A bill introduced in the Senate by Sen. Jay Rockefeller (D-W.Va.) proposed studying the impact of violent video games on children.

So who actually plays these games and how popular are they?
While many of the top selling games in history have been various Mario and Pokemon titles, games from the the first-person-shooter genre, which appeal in particular to teen boys and young men, are also huge sellers.

The new king of the hill is Activision’s Call of Duty: Black Ops II, which surpassed Wii Play as the No. 1 grossing game in 2012. Call of Duty is now one of the most successful franchises in video game history, topping charts year over year and boasting around 40 million active monthly users playing one of the franchise’s games over the internet. (Which doesn’t even include people playing the game offline.) There is already much anticipation for the release later this year of Call of Duty: Ghosts.

The Battlefield games from Electronic Arts also sell millions of units with each release. Irrational Games’ BioShock Infinite, released in March, has sold nearly 4 million units and is one of the most violent games to date.

What research has been done on the link between video games and violence, and what does it really tell us?
Studies on how violent video games affect behavior date to the mid 1980s, with conflicting results. Since then there have been at least two dozen studies conducted on the subject.

“Video Games, Television, and Aggression in Teenagers,” published by the University of Georgia in 1984, found that playing arcade games was linked to increases in physical aggression. But a study published a year later by the Albert Einstein College of Medicine, “Personality, Psychopathology, and Developmental Issues in Male Adolescent Video Game Use,” found that arcade games have a “calming effect” and that boys use them to blow off steam. Both studies relied on surveys and interviews asking boys and young men about their media consumption.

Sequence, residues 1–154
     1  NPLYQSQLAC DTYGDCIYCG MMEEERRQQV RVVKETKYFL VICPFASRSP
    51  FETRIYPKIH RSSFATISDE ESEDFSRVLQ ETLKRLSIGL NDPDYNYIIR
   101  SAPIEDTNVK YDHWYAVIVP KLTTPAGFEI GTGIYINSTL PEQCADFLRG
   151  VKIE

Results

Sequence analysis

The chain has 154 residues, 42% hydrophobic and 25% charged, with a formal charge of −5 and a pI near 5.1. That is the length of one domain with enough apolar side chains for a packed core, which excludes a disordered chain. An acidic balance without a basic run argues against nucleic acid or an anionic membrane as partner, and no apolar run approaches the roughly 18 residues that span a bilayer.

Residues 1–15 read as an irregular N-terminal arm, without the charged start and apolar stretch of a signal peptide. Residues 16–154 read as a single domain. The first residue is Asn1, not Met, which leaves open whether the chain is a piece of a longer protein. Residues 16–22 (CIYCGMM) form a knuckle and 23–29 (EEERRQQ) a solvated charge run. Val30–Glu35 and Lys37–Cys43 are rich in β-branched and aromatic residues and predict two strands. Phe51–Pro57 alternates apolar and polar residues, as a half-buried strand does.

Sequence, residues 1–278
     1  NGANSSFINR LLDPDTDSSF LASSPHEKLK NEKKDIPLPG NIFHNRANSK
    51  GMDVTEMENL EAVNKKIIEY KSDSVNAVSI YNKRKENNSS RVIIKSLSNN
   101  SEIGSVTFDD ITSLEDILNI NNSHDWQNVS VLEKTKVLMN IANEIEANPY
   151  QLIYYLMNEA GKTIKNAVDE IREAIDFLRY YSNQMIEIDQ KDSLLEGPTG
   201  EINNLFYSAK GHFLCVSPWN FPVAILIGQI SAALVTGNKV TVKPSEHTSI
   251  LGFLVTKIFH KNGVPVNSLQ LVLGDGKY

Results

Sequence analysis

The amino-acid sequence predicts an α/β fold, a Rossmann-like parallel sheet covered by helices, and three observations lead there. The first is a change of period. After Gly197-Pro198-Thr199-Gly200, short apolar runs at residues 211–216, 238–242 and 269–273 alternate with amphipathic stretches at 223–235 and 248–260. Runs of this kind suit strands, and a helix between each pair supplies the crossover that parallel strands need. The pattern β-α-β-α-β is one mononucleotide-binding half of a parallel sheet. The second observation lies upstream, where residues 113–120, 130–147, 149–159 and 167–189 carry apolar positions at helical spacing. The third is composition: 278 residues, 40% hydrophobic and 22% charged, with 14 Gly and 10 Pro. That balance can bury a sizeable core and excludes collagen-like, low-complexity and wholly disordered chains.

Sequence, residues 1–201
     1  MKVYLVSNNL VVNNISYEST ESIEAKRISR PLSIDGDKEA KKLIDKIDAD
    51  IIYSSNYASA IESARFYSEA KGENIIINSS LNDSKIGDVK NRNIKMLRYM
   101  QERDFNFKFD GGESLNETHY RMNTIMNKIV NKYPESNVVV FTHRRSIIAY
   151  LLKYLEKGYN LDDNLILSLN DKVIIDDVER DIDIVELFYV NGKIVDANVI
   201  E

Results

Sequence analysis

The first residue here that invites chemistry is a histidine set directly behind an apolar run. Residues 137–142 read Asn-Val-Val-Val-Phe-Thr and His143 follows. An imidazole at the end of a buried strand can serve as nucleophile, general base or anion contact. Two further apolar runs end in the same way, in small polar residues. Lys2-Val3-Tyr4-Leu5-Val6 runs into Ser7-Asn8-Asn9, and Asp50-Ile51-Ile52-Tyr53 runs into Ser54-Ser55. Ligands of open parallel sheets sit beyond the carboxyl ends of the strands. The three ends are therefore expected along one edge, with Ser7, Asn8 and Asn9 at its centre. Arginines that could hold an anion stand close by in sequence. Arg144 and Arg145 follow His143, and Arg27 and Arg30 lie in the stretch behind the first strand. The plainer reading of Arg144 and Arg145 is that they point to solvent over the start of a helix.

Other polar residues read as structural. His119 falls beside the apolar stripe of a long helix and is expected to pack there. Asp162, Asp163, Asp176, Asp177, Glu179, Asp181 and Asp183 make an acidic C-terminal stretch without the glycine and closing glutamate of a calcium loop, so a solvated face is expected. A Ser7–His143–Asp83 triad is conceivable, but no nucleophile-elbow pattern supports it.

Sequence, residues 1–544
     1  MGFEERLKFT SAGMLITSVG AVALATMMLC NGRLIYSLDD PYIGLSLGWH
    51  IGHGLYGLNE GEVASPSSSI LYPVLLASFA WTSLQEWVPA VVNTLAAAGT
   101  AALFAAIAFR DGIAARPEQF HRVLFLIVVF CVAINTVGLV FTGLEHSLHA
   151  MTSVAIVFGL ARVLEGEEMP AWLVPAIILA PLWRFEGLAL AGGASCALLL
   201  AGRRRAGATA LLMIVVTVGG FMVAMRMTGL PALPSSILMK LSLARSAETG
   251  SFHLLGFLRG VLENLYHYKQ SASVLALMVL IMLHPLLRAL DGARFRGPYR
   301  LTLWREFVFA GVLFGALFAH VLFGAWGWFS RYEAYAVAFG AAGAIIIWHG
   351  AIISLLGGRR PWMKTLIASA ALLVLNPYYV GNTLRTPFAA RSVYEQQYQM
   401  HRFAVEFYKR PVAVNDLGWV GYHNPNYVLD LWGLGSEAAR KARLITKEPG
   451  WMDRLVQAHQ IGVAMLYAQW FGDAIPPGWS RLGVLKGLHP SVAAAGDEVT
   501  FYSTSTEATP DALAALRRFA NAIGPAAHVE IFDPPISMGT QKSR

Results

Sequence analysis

Studies grew more sophisticated over the years, but their findings continued to point in different directions. A 2011 study found that people who had played competitive games, regardless of whether they were violent or not, exhibited increased aggression. In 2012, a different study found that cooperative playing in the graphically violent Halo II made the test subjects more cooperative even outside of video game playing.

Metastudies—comparing the results and the methodologies of prior research on the subject—have also been problematic. One published in 2010 by the American Psychological Association, analyzing data from multiple studies and more than 130,000 subjects, concluded that “violent video games increase aggressive thoughts, angry feelings, and aggressive behaviors and decrease empathic feelings and pro-social behaviors.” But results from another metastudy showed that most studies of violent video games over the years suffered from publication biases that tilted the results toward foregone correlative conclusions.

Why is it so hard to get good research on this subject?
“I think that the discussion of media forms—particularly games—as some kind of serious social problem is often an attempt to kind of corral and solve what is a much broader social issue,” says Carly Kocurek, a professor of Digital Humanities at the Illinois Institute of Technology. “Games aren’t developed in a vacuum, and they reflect the cultural milieu that produces them. So of course we have violent games.”

There is also the fundamental problem of measuring violent outcomes ethically and effectively.

“I think anybody who tells you that there’s any kind of consistency to the aggression research is lying to you,” Christopher J. Ferguson, associate professor of psychology and criminal justice at Texas A&M International University, told Kotaku. “There’s no consistency in the aggression literature, and my impression is that at this point it is not strong enough to draw any kind of causal, or even really correlational links between video game violence and aggression, no matter how weakly we may define aggression.”